Following the pre-drive, or where no pre-drive operation is performed, method 401 proceeds to operation 435 where a second impurity source film is deposited over a sidewall of the fins. In the exemplary embodiment depicted in FIG. 5F, impurity source film 235 is deposited conformally over fins 201, 202 as well as over impurity source film 215 (if present). For fins where impurity source film 215 had been previously completely removed, impurity source film 235 may be in contact with the entire sidewall height of the fin (e.g., Hfin). The deposition technique employed at operation 435 may again depend on the composition of impurity source film 235, with exemplary techniques including CVD, ALD, and PVD. Impurity source film 235 deposited at operation 435 may further have any of the compositions and thickness previously described with 1-5 nm of BSG having a boron doping of 1020-1021 cm−3 being one specific exemplary embodiment.

Method 401 proceeds with masking at least one fin at operation 440 and removing the exposed portion of the second Impurity source film. Any conventional photoresist etch mask, photolithographic patterning of the etch mask, and subsequent etching of the underlying impurity film may be performed at operation 440. As further depicted in FIG. 5G, a portion of retained impurity source film 235 may be disposed over impurity source film 215 having the thickness T1 while removal of the impurity source film 235 in other regions reduces the thickness of impurity source film 215 to a second thickness T2, as a function of the etch selectivity between the two impurity source films 235, 215. For the exemplary embodiment where impurity source film 235 is BSG and impurity source film 215 is PSG, etch selectivity may be made very high with proper choice of etchant chemistry so the difference between T1 and T2 may be only a few nm, or may even be imperceptible. A greater distinction between T1 and T2 may be visible for other material systems and/or removal processes. For fins where impurity source film 215 had been previously completely removed, impurity source film 235 may be also completely removed from the fin semiconductor.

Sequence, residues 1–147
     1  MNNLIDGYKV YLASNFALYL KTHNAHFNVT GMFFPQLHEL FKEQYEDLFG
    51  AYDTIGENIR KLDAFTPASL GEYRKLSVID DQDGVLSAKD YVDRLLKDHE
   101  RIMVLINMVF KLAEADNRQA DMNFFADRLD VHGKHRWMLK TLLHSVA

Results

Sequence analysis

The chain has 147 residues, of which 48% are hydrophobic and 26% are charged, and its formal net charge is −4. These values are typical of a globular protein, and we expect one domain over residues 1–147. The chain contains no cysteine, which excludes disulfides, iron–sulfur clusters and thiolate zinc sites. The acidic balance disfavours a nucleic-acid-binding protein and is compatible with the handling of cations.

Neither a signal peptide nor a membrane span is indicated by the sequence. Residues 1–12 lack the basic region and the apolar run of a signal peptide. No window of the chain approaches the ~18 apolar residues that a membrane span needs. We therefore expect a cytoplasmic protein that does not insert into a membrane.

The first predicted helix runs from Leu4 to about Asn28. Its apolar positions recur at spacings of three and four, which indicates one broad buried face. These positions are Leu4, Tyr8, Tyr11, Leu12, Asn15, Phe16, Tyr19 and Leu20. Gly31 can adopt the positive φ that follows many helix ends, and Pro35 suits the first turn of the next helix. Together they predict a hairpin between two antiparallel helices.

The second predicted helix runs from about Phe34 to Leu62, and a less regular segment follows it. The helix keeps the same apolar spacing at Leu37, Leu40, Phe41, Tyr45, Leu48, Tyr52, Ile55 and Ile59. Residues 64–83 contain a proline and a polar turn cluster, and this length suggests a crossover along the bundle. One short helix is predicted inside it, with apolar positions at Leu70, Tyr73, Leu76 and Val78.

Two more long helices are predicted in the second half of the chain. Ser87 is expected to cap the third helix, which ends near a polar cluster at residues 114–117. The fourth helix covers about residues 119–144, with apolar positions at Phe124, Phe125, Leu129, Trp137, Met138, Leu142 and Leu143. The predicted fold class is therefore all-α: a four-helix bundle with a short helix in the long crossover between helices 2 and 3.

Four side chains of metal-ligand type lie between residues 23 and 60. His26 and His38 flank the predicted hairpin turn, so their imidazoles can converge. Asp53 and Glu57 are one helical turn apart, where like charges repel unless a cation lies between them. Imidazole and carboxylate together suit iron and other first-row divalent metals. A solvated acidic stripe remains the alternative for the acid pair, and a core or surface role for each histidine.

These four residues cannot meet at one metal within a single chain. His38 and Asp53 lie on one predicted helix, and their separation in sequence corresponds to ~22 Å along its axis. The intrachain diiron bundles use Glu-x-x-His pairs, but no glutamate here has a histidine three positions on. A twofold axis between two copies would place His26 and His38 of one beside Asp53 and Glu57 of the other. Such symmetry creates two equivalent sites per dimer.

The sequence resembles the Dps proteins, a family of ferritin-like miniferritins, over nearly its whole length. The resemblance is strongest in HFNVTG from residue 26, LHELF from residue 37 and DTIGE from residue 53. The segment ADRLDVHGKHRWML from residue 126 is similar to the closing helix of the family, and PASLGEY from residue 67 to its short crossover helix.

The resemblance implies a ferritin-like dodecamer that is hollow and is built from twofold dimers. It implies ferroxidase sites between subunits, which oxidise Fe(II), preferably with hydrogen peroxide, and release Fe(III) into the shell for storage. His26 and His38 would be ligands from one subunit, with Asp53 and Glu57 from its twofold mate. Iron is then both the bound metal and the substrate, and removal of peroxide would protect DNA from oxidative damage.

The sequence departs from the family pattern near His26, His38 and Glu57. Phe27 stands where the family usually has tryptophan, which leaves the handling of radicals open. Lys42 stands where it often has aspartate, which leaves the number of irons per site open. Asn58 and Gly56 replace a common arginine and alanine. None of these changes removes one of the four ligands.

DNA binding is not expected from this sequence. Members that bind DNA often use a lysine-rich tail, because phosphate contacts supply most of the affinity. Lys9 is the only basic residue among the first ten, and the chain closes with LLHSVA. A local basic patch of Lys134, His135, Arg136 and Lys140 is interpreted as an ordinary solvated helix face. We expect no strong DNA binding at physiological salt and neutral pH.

Returning to FIG. 4, at operation 450 isolation dielectric is formed over any impurity source films present (e.g., the first and second impurity source films formed at operations 415 and 435). Isolation dielectric may be formed through any conventional techniques, for example with a gap filling dielectric deposition process and planarization polish, etc. At operation 455, the isolation dielectric is then recessed selectively to the semiconductor fins and/or an intervening stop layer to define an active region of the fins. Any conventional isolation recess process may be utilized to achieve the intermediate structure shown in FIG. 5H where fins 201, 202 have active regions extending a sidewall height H3 from a top surface of isolation dielectric 208. In conjunction with the sidewall height H1 as was defined by the etch mask recessing that was performed at operation 420, the exposed surface of isolation dielectric 208 further defines a sidewall height H2 over which impurity source film 235 (if present) is adjacent to an upper portion of the sub-fin region. Where both impurity source films 215, 235 had been previously completely removed, recessing of isolation dielectric 208 defines the active region from a sub-fin region that is to have substantially the same impurity doping as the substrate. Where impurity source film 235 was retained, but impurity source film 215 was removed, recessing of isolation dielectric 208 defines the active region from a sub-fin region that is to have a homogeneous doping of the impurity in impurity source film 235.